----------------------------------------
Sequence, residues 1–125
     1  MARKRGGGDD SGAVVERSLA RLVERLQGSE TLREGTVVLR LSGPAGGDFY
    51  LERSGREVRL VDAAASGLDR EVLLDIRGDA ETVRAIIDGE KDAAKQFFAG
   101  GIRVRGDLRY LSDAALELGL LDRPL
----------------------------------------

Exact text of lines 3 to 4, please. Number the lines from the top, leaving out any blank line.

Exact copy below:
    51  LERSGREVRL VDAAASGLDR EVLLDIRGDA ETVRAIIDGE KDAAKQFFAG
   101  GIRVRGDLRY LSDAALELGL LDRPL